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Teachers could soon be trading in traditional roll call sheets for mobile phones to take attendance in their classes.  At least two pilot projects have received the support of the Ministry of Education to test mobile phone technology to track students who do not show up for class. 

Teachers beinmg trained for the use of the new app
Teachers beinmg trained for the use of the new app

The Millennium Villages Project has partnered with the creators of the Kiguzo Attendance Tracking System to bring mobile technology to attendance roll call starting next year.

Teachers will be given tablet computers connected to the Kiguzo Attendance Tracking System. When they report a student missing, the tablet would send a mobile message to community education workers, who would be expected to visit the child’s home to find out why they are not in school.

After their home visit, the community education worker would send the information they have gathered back to the school through the Kiguzo mobile application.

If the child is sick, the Kiguzo system would automatically send a request for a community health worker to visit the home.

The Mayange community has been using community education workers since last year to track school absences on paper, said Donald Ndahiro, the country director for the Millennium Villages Project.

But the new digital system will allow teachers to share information more quickly and for it to be saved and analyzed over time to help school administrators understand why children aren’t coming regularly to school, he said.

“Every month, heads of the school meet with community workers and go through the major reasons for students’ failure to attend,” Ndahiro said.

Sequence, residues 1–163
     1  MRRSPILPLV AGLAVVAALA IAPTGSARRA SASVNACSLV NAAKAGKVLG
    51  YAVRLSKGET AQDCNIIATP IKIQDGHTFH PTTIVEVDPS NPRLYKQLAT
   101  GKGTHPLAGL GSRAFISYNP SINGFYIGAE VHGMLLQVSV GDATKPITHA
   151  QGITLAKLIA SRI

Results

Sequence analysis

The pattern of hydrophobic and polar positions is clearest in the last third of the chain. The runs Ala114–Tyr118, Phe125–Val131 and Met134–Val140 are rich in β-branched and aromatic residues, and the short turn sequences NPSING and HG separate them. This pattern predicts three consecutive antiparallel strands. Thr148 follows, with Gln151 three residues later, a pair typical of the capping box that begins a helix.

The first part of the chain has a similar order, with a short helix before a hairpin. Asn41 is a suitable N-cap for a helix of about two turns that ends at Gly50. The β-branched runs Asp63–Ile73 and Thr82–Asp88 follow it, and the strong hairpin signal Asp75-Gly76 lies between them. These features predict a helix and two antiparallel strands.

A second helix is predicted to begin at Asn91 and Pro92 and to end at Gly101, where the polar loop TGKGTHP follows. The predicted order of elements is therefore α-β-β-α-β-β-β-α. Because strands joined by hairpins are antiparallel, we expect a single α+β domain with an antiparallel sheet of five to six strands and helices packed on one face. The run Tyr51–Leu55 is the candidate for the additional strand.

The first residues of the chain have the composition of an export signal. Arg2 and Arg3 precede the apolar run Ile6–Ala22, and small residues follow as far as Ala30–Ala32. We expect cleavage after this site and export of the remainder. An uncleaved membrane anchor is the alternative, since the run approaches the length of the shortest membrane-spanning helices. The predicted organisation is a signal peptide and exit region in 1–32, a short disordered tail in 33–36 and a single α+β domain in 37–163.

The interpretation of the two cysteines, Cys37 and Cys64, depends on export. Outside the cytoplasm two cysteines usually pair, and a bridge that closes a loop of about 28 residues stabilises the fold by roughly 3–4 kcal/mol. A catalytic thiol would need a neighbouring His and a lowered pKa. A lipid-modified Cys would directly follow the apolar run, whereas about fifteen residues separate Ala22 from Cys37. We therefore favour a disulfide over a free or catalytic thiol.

Sharing information 

According to Unicef, Rwanda has the highest primary school enrollment rate in Africa. However, infrequent school attendance continues to be a problem.

Health problems are a common reason why primary students miss school, Ndahiro said.

In its first phase, the Kiguzo project will give special attention to tracking diarrhoeal illnesses that keep children out of school.

Some older primary students may also drop out because they need to work or, as is often the case with girls, they have obligations at home, he said.

Also, some families just don’t see the value in education.

“There’s also the ignorance of the parents,” Ndahiro said. “Community workers have to go and convince the parents to send their children to school.”

The web site for the Kiguzo Project says its creators hope to eventually expand the tracking system to other villages with low ICT development.

A similar project, Ndi Hano! (loosely translated as ‘I am here’), has been testing mobile attendance reporting in select primary schools in Kigali since 2013.

Mott Macdonald, which is managing the project on behalf of the UK government, said they are expecting results in March 2015.

Marc van der Stouwe, the country manager of Mott Macdonald, said the biggest challenge facing the project is creating the incentive for teachers to report absent students.

“This project can only really be successful if it’s embedded in the government,” Van der Stouwe said. “There needs to be a systemic push from government.”

‘Government interested’

Sharon Haba, the permanent secretary in the Ministry of Education, said government is interested in adopting mobile attendance reporting in Rwanda’s schools if the Ndi Hano! pilot project is successful.

Haba said they would be looking for success in reducing student absenteeism, as well as technological ease and affordability.

Ndahiro said they are also in discussions the Ministry of Education, as well as other schools in Bugesera District, about the possibility of expanding their digital attendance-tracking programme.

Digital attendance tracking has been in widespread use in Western economies such as the US for years. They are available as computer, tablet and mobile applications and use student cards, GPS, fingerprinting, and other identifying and location-tracking technologies.

In Uganda, CU@School was introduced as a pilot project in 2010 to track student and teacher absenteeism across 100 primary schools on a weekly basis.

Teachers use their mobile phone to input the number of teachers and students at school and the information is entered into a database.

The pilot only lasted two school terms but it demonstrated how simple SMS-based system could be used to track school absences.

The New Times